Examine the Payoffs and Find Healthier Ways of Meeting your Needs - If you watch porn, acknowledge what this is compensating for and vow to address the gap in a more healthy way. Face any relationship challenges bravely. Look beyond yourself and be honest about the impact of this on damaging trust and potentially destroying relationships. Relieve stress through counselling and support to gain lifelong coping strategies. Enjoy your life more so this does not become the only way of pleasure seeking. Find and emerge yourself in wholesome ways of experiencing pleasure that enriches others lives rather than exploits them for your own gain.

 

Men, try to operate from being aware of what you are contributing to in a woman’s life rather than simply using her body for your own pleasure, don’t become disconnected or  allow unrealistic expectations to be place upon your reality. Remember that pornography is a commercial industry and you are a pawn being played. It is a manipulative industry that is deliberately scripted and skewed to make money, yet the unhealthy imprints of the messages you receive when you particpate can have various long term detrimental impacts upon your life.



 

When you consider that everything is based on intentions and the energy behind your actions there is very little difference between the fantasy of pornography and rape. Both are about you gaining energy at the expense and exploitation of a woman. As you learn to love yourself and embrace all your emotions you reclaim your own wholeness so then you see her wholeness too, rather than only a body to objectify, conquer or possess. Woman does not exist for a man’s gratification. She is a real person with depth and reflections of truth to offer you. Listen and create a safe space to hear her experience and how she feels. Be willing to receive her feedback rather than defend your stance. The equal give and take of energy is important to maintain healthy and robust relationships.



It's worth noting that often pornography performers and prostitutes defend their position publicly emphasising that they have chosen this career because they love sex and pride themselves on being free. The reality is that the women in these industries are often very unhappy and desperate but feel they need to validate their choice to avoid thinking of themselves as victims. 68% of prostitutes were identified as meeting the psychological criteria for a diagnosis of post-traumatic stress disorder, while 88% stated that they wanted to leave the industry and described what they needed in order to escape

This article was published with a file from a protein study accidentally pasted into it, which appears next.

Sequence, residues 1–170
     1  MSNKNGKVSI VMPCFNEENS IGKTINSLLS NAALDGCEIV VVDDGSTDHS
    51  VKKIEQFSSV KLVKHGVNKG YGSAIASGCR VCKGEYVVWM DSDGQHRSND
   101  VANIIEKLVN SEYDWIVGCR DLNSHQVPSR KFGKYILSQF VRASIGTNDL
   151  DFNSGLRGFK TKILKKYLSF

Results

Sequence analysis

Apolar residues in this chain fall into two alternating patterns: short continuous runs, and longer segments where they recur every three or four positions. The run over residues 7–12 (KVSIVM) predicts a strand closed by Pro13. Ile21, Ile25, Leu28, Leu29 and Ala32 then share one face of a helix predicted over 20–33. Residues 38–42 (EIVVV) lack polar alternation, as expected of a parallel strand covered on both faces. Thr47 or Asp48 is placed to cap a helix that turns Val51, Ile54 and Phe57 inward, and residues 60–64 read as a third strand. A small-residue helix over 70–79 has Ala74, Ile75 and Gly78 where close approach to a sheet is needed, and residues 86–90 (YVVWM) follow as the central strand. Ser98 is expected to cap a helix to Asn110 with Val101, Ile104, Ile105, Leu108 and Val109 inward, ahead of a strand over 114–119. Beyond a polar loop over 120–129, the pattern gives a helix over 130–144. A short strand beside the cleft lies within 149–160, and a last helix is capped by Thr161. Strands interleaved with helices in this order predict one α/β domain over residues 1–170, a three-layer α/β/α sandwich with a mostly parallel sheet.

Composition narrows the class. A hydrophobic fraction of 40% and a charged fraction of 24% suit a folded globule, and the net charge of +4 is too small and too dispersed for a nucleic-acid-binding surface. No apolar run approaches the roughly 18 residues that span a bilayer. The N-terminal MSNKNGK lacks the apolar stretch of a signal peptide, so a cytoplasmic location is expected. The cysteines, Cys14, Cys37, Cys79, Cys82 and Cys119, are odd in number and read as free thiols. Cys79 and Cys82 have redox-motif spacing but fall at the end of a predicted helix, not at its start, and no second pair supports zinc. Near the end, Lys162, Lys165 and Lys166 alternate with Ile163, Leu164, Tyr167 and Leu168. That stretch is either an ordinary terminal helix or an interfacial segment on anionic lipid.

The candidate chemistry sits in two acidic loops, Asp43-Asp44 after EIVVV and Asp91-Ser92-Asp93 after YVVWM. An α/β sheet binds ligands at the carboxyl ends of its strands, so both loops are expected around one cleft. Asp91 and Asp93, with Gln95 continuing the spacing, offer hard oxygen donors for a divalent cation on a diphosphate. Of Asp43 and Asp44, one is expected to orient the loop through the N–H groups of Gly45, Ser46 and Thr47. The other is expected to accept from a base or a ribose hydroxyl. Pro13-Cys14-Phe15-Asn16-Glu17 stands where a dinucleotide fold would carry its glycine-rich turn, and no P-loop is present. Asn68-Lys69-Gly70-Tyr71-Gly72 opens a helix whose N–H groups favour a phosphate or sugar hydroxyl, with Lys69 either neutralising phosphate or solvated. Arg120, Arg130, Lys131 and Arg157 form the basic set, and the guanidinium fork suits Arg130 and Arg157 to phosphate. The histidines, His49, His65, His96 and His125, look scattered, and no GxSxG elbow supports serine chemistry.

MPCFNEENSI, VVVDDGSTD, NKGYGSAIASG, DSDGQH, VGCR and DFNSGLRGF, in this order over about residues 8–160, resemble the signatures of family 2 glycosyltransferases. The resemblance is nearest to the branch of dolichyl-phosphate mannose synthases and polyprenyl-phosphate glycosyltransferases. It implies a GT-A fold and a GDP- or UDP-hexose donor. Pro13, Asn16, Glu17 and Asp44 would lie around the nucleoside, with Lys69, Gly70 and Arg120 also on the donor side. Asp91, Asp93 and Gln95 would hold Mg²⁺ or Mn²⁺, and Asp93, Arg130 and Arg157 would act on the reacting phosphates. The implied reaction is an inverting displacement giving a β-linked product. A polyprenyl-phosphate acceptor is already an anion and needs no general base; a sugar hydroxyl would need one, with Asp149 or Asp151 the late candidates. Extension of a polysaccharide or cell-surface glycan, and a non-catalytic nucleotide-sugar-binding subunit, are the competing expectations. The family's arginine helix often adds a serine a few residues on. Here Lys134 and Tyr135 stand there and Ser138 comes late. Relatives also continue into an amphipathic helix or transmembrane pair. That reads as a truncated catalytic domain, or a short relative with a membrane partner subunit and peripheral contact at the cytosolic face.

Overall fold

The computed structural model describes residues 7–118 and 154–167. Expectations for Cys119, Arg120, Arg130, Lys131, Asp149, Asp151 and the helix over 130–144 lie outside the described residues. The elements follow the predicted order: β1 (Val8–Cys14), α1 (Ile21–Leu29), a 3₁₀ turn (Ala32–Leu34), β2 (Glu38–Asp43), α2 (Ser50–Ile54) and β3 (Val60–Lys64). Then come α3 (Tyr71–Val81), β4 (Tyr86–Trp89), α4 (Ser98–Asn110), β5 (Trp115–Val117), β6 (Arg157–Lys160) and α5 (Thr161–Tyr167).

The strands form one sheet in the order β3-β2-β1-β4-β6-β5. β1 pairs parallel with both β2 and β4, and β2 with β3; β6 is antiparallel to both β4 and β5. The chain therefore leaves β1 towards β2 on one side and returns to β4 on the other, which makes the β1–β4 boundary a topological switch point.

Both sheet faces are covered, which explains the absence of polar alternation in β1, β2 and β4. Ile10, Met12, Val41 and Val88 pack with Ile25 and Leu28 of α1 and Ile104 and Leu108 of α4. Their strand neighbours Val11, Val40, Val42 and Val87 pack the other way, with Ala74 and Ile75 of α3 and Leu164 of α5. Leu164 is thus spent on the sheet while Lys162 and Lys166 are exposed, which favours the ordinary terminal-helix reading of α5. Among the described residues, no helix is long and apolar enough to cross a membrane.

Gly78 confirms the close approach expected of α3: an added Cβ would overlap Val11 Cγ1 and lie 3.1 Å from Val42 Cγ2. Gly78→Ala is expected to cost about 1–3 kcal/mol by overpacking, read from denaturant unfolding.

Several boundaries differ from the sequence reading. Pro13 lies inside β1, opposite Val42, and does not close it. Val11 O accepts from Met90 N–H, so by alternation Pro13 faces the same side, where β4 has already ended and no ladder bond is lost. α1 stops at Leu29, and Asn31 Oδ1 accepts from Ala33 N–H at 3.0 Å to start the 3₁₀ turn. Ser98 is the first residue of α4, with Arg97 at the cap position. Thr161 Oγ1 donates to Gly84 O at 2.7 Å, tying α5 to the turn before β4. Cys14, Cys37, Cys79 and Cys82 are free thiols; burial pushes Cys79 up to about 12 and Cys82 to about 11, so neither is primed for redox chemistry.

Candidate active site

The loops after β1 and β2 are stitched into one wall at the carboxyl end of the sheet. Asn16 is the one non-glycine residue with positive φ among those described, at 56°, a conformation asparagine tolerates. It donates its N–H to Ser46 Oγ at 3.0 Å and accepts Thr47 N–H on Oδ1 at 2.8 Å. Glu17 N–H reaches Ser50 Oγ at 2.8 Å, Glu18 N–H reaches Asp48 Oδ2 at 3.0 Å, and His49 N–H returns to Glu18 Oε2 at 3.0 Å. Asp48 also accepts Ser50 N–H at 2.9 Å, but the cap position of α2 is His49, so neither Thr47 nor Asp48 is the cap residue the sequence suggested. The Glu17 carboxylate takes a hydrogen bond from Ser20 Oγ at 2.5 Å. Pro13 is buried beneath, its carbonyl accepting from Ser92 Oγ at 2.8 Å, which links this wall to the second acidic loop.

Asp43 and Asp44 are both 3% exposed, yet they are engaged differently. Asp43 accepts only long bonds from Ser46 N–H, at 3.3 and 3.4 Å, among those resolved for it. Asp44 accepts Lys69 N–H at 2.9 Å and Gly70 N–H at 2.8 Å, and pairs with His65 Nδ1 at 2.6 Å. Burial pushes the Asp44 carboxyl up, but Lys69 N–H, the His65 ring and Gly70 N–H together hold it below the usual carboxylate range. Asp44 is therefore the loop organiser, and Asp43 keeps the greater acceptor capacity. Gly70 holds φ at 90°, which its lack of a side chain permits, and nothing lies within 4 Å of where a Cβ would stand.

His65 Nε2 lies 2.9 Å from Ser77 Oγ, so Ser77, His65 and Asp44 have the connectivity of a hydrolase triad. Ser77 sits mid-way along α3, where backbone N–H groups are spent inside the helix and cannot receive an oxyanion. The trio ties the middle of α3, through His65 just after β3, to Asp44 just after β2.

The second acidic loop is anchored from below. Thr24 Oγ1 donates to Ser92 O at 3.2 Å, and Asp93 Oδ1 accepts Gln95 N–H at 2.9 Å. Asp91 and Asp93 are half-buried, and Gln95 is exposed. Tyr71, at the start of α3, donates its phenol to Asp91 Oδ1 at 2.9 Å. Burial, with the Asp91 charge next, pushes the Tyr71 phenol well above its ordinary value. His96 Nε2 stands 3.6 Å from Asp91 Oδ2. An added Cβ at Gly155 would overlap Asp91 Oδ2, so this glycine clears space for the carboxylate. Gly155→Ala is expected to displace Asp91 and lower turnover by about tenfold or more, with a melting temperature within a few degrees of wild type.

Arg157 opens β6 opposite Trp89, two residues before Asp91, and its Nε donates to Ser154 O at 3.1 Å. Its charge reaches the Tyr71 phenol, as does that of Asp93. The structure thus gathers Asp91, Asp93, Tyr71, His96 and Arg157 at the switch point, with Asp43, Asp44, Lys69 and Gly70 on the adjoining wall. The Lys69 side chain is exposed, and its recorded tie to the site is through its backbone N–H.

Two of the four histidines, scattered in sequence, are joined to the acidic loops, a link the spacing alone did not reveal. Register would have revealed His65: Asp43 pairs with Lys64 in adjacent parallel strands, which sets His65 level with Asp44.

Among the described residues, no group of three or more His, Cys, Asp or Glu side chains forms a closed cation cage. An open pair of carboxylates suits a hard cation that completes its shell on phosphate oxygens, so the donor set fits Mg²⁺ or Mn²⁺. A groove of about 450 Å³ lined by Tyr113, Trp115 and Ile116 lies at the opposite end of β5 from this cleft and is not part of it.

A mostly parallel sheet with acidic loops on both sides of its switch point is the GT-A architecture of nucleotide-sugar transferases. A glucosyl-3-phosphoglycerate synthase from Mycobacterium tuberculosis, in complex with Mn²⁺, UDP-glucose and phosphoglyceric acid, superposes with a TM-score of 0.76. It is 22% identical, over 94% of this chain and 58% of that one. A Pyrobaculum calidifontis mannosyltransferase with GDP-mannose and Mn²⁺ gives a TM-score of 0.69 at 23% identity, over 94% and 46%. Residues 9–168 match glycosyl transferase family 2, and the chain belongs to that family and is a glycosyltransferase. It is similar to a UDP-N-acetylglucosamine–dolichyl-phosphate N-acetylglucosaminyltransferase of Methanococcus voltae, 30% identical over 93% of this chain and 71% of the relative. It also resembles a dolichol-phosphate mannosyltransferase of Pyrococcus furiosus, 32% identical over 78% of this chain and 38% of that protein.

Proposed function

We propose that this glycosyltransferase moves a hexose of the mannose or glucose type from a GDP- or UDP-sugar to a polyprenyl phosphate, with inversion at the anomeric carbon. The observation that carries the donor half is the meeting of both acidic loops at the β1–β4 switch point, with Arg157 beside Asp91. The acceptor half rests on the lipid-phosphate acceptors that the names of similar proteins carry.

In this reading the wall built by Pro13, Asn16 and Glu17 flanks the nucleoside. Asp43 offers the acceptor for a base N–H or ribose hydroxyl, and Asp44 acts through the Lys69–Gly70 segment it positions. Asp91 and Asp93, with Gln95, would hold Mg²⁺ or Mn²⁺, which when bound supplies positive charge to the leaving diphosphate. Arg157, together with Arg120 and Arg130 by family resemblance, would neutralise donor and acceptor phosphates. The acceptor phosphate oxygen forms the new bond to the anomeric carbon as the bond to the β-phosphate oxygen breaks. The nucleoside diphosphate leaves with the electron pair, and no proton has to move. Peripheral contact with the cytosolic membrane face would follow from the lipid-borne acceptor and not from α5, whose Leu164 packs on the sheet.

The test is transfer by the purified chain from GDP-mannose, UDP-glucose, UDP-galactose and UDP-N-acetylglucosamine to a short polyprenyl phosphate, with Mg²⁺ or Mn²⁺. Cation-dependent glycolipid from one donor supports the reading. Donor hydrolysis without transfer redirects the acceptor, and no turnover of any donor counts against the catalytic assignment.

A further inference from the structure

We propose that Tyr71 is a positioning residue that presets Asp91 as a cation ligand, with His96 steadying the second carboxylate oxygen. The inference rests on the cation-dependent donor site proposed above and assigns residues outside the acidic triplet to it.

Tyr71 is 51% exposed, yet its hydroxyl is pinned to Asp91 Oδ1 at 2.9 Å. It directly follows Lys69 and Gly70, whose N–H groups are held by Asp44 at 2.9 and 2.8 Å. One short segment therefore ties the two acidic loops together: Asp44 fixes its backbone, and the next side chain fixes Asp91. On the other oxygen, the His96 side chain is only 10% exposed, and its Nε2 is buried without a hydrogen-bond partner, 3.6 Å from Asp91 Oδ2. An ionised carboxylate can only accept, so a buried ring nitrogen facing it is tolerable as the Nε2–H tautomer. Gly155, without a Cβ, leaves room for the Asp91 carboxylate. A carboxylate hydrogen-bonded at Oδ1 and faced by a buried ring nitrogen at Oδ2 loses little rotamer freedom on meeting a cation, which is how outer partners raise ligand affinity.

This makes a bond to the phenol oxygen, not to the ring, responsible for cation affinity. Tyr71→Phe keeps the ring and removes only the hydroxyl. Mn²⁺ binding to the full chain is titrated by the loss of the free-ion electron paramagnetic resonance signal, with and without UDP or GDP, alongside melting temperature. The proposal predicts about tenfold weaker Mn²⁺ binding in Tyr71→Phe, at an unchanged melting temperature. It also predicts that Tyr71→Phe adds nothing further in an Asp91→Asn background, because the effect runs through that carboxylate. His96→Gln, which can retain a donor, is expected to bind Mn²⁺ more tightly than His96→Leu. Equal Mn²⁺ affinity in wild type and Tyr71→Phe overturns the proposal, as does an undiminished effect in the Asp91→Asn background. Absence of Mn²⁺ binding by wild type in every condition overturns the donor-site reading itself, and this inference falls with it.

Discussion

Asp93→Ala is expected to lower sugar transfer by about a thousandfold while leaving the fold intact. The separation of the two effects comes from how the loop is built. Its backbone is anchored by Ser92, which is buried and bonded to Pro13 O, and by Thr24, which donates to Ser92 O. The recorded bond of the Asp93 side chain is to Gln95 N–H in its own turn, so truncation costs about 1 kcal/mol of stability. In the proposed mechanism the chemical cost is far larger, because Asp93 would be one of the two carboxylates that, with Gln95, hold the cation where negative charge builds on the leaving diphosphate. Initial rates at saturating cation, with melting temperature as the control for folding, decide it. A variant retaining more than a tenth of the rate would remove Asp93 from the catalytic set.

If you are a woman who uses your body image to gain attention, or gives her body away indiscriminately, you might like to consider if you truly feel completely empowered by your choices. Chances are, you're doing it to boost your self-esteem, your wallet, or both. Self-worth and finances are important, however it's important not to compromise on things you cannot get back like self-respect, in the process.


Consider how else you can gain confidence without exposing yourself to real risks? Risks that are not worth any price. How can you be more honest with yourself and what can you choose now that symbolises the ending of you selling yourself out?



 

If your self-esteem is low, regardless of what mask you may present to the world, consider how else you may feel good about yourself in ways that make you smile and are satisfying to your heart. Is what your doing in social media truly build yourself and other women up or does it give you a momentary hit of ego gratification whilst it gradually tears your morale down?

 

Bear in mind that men who are exploiting you may be reflecting to you the places where you are willing to be exploited. You do have the option of changing your reality. This requires awareness, honesty and maturity. By not settling for anything less than what you truly want, and how you know you deserve to be treated, eventually you will experience it.

 


By getting in touch with what you really want and allowing this to be present in your life,  it becomes easier to say "No" to anything that's far from it. If you want to be loved and cherished you also need to take responsibility for loving and cherishing yourself.  Others will mirror this to you. Contemplate your gifts. Celebrate what you bring to this world. Find healthy ways to express yourself, so that unconsciously you are not so starved of love that you resort to anything or anyone’s attention just to make you feel a little better.

 

Unresolved trauma can make it confusing for you to uphold healthy boundaries, which means you may not know how to say "no" or to speak up appropriately when you have been/are being violated. Consider getting counselling, especially if you have unresolved trauma or have been sexually abused in the past. No incident is too little or too small to be held with compassion, understood and healed with the right, loving support. True instincts may be buried underneath the layers of protection that you can no longer act upon them. A good psychotherapist can help you understand, emote and integrate the trauma so that you heal, function and make more loving choices for yourself.


 

Speaking up (rising above self-imposed or perpetrator-imposed shame) to loved ones or discussions with other victims can also be helpful  in preventing the kind of low self-esteem that can make you susceptible to exploitation or being drawn to poor image projection and kidding yourself into thinking it's all okay.



Izabella Siodmak is an author, facilitator of 1 on 1 mental and emotional wellness retreats and emotional healing sessions. She loves to support you to love yourself more and to deepen your relationships. Visit www.lovingrealwomen.com focussed on raising awareness and providing education and resources on the issues of objectification and sexualisation of women.   www.izabellasiodmak.com & www.naturalattitudes.com to make contact, purchase her books or to schedule a session or private retreat.